What Are the Risks and Benefits of Testosterone Replacement Therapy?

What Are the Risks and Benefits of Testosterone Replacement Therapy?


When deciding to take testosterone replacement therapy, there are a few things to consider. You should know the risks and benefits associated with the treatment. Low levels of testosterone can lead to problems such as acne, sexual dysfunction, and even prostate cancer. According to Regenics, there are some side effects, too, so be sure to read the label before starting.

Low testosterone levels

Low testosterone levels are a common problem among men and are responsible for several symptoms, including reduced libido, erectile dysfunction, and a lack of concentration and sleep. The symptoms of low-T usually begin at around 30 years of age, but they can be worsened by other causes, such as an unhealthy diet and sedentary lifestyle. The symptoms of low-T can also be exacerbated by anxiety or depression.

Low testosterone levels can also lead to physical changes, such as a reduction in muscle mass. However, this does not mean that muscles are not functioning properly. Low testosterone can also lead to decreased bone density, which makes bones more vulnerable to fractures. Reduced testosterone levels can also lead to reduced energy levels and a diminished interest in physical activity.

Testosterone replacement therapy is an option for men with low testosterone levels. The procedure involves a quick office procedure, but it carries risks. Patients should be closely monitored to ensure that they are not experiencing adverse effects.


It is important to note that the results of testosterone replacement therapy for acne are not immediate. It may take between three and six months before the acne symptoms start to disappear. It is also important to use an effective contraceptive method during this treatment. In severe cases, acne may even result in scarring.

Transgender people are increasingly seeing dermatologists for acne and skin concerns. Transgender people identify as either male or female at birth and are at an increased risk for developing acne. The United States has over 1.4 million transgender people, and an estimated 0.7 percent of youth aged 13-17 identify as transgender. In transgender patients, testosterone replacement therapy is a treatment that involves delivering testosterone exogenously in order to induce secondary sex characteristics in the patient. Acne is one of the most common side effects of testosterone replacement therapy, and many transmasculine patients report improvement in acne symptoms after using the hormone.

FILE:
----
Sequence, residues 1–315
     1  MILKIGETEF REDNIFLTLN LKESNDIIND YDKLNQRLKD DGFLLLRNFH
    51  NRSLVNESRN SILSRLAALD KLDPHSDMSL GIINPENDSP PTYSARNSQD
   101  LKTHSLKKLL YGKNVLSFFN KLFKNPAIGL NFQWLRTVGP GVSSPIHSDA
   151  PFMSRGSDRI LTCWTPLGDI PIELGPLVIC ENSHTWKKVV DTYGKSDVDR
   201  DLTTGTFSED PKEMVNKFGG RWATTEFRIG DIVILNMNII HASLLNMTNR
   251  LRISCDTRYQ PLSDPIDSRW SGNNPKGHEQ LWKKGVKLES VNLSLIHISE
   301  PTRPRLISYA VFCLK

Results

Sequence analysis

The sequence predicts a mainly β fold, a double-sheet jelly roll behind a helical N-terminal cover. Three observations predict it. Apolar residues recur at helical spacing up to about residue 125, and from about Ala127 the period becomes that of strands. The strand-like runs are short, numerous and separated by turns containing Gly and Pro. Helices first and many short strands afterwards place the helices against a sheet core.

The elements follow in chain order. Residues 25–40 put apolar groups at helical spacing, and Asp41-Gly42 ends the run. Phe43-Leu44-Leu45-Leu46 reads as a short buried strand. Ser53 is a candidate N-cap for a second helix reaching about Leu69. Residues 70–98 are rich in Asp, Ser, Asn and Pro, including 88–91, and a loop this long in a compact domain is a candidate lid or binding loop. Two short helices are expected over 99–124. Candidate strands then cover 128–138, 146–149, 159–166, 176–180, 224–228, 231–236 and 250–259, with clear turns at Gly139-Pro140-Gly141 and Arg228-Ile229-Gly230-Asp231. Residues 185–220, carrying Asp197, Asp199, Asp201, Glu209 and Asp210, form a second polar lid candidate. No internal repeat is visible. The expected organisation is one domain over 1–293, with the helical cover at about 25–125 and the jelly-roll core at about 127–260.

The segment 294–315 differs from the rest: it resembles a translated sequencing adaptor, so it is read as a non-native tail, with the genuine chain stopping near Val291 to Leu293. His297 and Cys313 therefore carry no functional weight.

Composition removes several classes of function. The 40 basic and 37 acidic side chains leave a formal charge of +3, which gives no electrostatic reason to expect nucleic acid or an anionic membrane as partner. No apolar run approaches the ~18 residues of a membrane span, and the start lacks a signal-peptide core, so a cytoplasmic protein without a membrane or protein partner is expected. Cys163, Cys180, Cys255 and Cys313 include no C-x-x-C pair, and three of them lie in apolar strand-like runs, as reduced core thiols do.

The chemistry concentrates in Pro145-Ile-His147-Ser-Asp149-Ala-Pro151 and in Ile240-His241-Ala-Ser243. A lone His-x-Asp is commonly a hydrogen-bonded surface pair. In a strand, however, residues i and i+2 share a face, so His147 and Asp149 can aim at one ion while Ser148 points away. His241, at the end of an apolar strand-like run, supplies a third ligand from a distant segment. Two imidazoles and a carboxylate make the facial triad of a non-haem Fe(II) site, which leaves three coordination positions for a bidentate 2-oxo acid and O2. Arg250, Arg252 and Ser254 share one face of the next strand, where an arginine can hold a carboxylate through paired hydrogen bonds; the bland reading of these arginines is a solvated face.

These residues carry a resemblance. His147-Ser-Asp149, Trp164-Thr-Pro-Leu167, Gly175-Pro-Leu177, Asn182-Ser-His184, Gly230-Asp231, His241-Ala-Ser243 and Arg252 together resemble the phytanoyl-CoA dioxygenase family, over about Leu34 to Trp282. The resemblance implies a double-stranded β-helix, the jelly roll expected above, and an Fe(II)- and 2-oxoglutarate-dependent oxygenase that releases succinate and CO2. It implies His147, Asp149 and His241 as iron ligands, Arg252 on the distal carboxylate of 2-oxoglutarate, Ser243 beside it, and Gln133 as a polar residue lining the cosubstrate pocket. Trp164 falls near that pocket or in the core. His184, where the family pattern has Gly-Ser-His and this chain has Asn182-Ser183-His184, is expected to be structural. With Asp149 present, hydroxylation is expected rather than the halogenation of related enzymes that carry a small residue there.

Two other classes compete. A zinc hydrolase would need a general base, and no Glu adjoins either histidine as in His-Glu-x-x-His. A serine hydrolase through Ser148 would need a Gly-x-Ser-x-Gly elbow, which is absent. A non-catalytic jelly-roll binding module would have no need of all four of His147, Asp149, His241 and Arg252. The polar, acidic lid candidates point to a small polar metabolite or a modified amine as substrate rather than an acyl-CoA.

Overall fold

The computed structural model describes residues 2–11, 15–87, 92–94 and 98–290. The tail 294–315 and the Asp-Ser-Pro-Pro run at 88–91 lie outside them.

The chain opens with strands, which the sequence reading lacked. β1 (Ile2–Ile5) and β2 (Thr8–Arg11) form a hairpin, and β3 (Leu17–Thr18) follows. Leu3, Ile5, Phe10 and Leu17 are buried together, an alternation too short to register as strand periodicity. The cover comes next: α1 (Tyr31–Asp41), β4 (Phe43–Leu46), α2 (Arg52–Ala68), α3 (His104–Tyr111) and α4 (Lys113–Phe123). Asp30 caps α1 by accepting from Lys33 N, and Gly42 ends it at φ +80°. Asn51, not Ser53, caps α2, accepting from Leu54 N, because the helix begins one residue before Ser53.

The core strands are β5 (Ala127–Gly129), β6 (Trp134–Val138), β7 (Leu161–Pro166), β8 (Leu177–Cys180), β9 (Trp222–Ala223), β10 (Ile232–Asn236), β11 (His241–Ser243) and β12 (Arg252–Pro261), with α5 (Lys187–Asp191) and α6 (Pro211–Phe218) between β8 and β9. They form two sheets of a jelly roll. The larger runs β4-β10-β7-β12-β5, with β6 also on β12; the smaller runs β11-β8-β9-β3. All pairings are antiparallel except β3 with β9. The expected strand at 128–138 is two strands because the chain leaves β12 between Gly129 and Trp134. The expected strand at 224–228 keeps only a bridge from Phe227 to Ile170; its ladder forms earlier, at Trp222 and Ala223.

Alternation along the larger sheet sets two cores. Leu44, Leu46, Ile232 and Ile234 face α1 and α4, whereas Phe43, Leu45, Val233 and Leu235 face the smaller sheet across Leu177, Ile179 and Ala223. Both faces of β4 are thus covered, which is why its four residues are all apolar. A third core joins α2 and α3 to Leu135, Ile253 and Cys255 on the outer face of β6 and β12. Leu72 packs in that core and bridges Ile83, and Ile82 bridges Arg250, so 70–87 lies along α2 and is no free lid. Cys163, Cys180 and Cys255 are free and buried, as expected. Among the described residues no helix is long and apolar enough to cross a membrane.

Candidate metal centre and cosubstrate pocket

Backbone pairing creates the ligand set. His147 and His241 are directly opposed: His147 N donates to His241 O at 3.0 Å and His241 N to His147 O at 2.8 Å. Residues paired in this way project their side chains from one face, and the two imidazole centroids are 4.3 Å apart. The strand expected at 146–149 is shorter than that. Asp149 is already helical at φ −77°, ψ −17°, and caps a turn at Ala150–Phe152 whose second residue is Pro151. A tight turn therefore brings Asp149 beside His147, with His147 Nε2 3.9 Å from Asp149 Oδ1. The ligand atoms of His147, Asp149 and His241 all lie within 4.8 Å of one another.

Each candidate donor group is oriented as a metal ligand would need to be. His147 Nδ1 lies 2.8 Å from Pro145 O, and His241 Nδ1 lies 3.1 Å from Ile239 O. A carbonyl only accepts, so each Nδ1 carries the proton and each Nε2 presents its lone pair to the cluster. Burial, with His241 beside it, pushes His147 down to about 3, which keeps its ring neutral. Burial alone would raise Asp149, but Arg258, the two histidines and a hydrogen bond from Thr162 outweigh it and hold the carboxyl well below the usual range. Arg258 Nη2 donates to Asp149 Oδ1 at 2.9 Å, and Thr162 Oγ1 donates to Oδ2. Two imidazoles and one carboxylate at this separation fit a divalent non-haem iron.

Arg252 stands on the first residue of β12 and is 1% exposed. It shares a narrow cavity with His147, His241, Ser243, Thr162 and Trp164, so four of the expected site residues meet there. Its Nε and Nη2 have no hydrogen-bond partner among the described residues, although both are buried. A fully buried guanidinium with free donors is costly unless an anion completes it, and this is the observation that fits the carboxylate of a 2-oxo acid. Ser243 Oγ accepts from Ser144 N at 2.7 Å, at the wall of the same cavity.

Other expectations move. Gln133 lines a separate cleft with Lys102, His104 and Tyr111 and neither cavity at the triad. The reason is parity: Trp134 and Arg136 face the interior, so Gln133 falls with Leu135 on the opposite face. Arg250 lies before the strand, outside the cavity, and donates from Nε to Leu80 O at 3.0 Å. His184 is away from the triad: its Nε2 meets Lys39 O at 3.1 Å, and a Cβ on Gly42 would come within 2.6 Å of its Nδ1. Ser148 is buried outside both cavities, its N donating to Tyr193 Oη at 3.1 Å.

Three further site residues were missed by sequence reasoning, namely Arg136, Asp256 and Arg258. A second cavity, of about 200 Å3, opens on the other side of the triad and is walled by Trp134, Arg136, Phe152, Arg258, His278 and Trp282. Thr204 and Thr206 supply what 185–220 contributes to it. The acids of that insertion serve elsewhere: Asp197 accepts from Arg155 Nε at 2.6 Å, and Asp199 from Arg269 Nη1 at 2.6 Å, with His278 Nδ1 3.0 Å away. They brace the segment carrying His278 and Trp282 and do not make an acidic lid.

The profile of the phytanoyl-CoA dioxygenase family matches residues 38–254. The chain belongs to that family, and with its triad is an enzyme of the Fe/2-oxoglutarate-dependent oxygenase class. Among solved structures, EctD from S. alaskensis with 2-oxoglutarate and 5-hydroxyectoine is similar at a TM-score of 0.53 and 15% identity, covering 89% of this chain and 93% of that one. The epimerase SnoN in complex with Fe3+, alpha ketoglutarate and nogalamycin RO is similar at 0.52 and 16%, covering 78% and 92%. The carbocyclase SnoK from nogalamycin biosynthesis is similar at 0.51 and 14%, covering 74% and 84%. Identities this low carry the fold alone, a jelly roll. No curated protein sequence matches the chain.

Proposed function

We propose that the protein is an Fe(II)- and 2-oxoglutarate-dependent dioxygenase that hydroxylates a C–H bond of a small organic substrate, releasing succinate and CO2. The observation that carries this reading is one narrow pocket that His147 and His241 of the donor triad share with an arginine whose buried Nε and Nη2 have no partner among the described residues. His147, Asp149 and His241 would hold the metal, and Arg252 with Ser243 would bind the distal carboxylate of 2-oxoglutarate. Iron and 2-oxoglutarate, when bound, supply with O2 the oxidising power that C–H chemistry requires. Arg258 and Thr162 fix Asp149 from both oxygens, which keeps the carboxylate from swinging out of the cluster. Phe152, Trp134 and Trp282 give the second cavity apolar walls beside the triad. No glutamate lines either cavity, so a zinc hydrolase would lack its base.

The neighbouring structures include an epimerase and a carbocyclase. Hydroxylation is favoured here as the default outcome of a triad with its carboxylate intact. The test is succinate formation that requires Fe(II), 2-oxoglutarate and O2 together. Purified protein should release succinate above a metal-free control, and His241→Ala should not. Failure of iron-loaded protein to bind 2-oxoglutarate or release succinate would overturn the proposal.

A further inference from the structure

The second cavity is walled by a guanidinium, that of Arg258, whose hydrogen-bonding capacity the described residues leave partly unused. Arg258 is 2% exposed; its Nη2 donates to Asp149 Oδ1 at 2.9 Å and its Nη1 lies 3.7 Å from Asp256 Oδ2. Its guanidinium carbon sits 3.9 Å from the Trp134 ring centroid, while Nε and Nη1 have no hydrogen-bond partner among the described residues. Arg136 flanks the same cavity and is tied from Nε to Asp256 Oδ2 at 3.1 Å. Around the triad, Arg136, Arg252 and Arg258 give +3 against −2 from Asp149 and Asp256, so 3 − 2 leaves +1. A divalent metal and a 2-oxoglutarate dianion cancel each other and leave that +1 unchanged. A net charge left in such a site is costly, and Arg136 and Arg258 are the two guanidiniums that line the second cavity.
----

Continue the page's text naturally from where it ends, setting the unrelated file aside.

Acne is caused by the overproduction of testosterone in the body. The hormone stimulates the skin glands to produce more sebum, a greasy substance. Young men going through puberty tend to have oily skin, which makes acne more prevalent on their face. Testosterone replacement therapy also promotes facial hair growth and increases oil production from sebaceous glands on the skin.

Prostate cancer

There are no direct links between prostate cancer and testosterone replacement therapy. But the therapy can cause side effects, including breast and ankle swelling, acne, and an increased risk of blood clots. Also, long-term use of the therapy can increase the risk of cardiovascular disease, including heart attacks, strokes, and heart failure, especially in older men.

In men undergoing radical prostatectomy, preoperative serum testosterone levels correlated with tumor stage, with lower levels of testosterone associated with more advanced stages of disease. In fact, in 75% of men with preoperative testosterone levels below 2.5 ng/ml, their cancer had spread to distant metastatic sites.

These results suggest that low testosterone levels may be an independent marker of advanced prostate cancer.

Testosterone therapy has also been linked with an improved quality of life in men with AMS, including increased bone mineral density, reduced fracture risk, increased muscle mass, and enhanced libido.

However, long-term studies of testosterone replacement therapy in the general population have not been conducted. There is also no definitive link between androgen replacement and risk of prostate cancer. However, TRT is thought to be beneficial in reducing the risk of cardiovascular events, reducing body fat, and insulin resistance.